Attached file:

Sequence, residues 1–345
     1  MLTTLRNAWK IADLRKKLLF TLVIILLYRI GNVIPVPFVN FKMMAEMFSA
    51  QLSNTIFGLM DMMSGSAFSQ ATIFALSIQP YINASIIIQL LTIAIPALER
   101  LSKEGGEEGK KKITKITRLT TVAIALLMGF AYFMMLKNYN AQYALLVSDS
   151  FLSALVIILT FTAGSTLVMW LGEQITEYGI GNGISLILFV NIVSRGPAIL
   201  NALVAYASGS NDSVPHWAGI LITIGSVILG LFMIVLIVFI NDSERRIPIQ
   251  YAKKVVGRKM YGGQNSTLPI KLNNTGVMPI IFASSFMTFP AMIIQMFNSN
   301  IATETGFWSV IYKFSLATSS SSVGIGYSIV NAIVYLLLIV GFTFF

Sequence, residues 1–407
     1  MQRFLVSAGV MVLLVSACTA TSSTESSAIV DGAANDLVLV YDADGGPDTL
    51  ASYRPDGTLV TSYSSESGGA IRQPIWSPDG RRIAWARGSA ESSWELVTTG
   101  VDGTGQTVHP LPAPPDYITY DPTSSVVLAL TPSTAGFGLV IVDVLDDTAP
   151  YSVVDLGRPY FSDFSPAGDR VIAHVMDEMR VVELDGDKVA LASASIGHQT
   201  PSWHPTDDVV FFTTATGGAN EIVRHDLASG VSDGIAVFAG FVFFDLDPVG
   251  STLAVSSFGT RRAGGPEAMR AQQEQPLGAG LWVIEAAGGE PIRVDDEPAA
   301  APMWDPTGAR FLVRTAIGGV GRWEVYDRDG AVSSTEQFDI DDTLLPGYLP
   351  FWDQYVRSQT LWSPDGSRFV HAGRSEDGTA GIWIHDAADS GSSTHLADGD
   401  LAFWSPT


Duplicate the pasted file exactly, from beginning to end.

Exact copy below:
Sequence, residues 1–345
     1  MLTTLRNAWK IADLRKKLLF TLVIILLYRI GNVIPVPFVN FKMMAEMFSA
    51  QLSNTIFGLM DMMSGSAFSQ ATIFALSIQP YINASIIIQL LTIAIPALER
   101  LSKEGGEEGK KKITKITRLT TVAIALLMGF AYFMMLKNYN AQYALLVSDS
   151  FLSALVIILT FTAGSTLVMW LGEQITEYGI GNGISLILFV NIVSRGPAIL
   201  NALVAYASGS NDSVPHWAGI LITIGSVILG LFMIVLIVFI NDSERRIPIQ
   251  YAKKVVGRKM YGGQNSTLPI KLNNTGVMPI IFASSFMTFP AMIIQMFNSN
   301  IATETGFWSV IYKFSLATSS SSVGIGYSIV NAIVYLLLIV GFTFF

Sequence, residues 1–407
     1  MQRFLVSAGV MVLLVSACTA TSSTESSAIV DGAANDLVLV YDADGGPDTL
    51  ASYRPDGTLV TSYSSESGGA IRQPIWSPDG RRIAWARGSA ESSWELVTTG
   101  VDGTGQTVHP LPAPPDYITY DPTSSVVLAL TPSTAGFGLV IVDVLDDTAP
   151  YSVVDLGRPY FSDFSPAGDR VIAHVMDEMR VVELDGDKVA LASASIGHQT
   201  PSWHPTDDVV FFTTATGGAN EIVRHDLASG VSDGIAVFAG FVFFDLDPVG
   251  STLAVSSFGT RRAGGPEAMR AQQEQPLGAG LWVIEAAGGE PIRVDDEPAA
   301  APMWDPTGAR FLVRTAIGGV GRWEVYDRDG AVSSTEQFDI DDTLLPGYLP
   351  FWDQYVRSQT LWSPDGSRFV HAGRSEDGTA GIWIHDAADS GSSTHLADGD
   401  LAFWSPT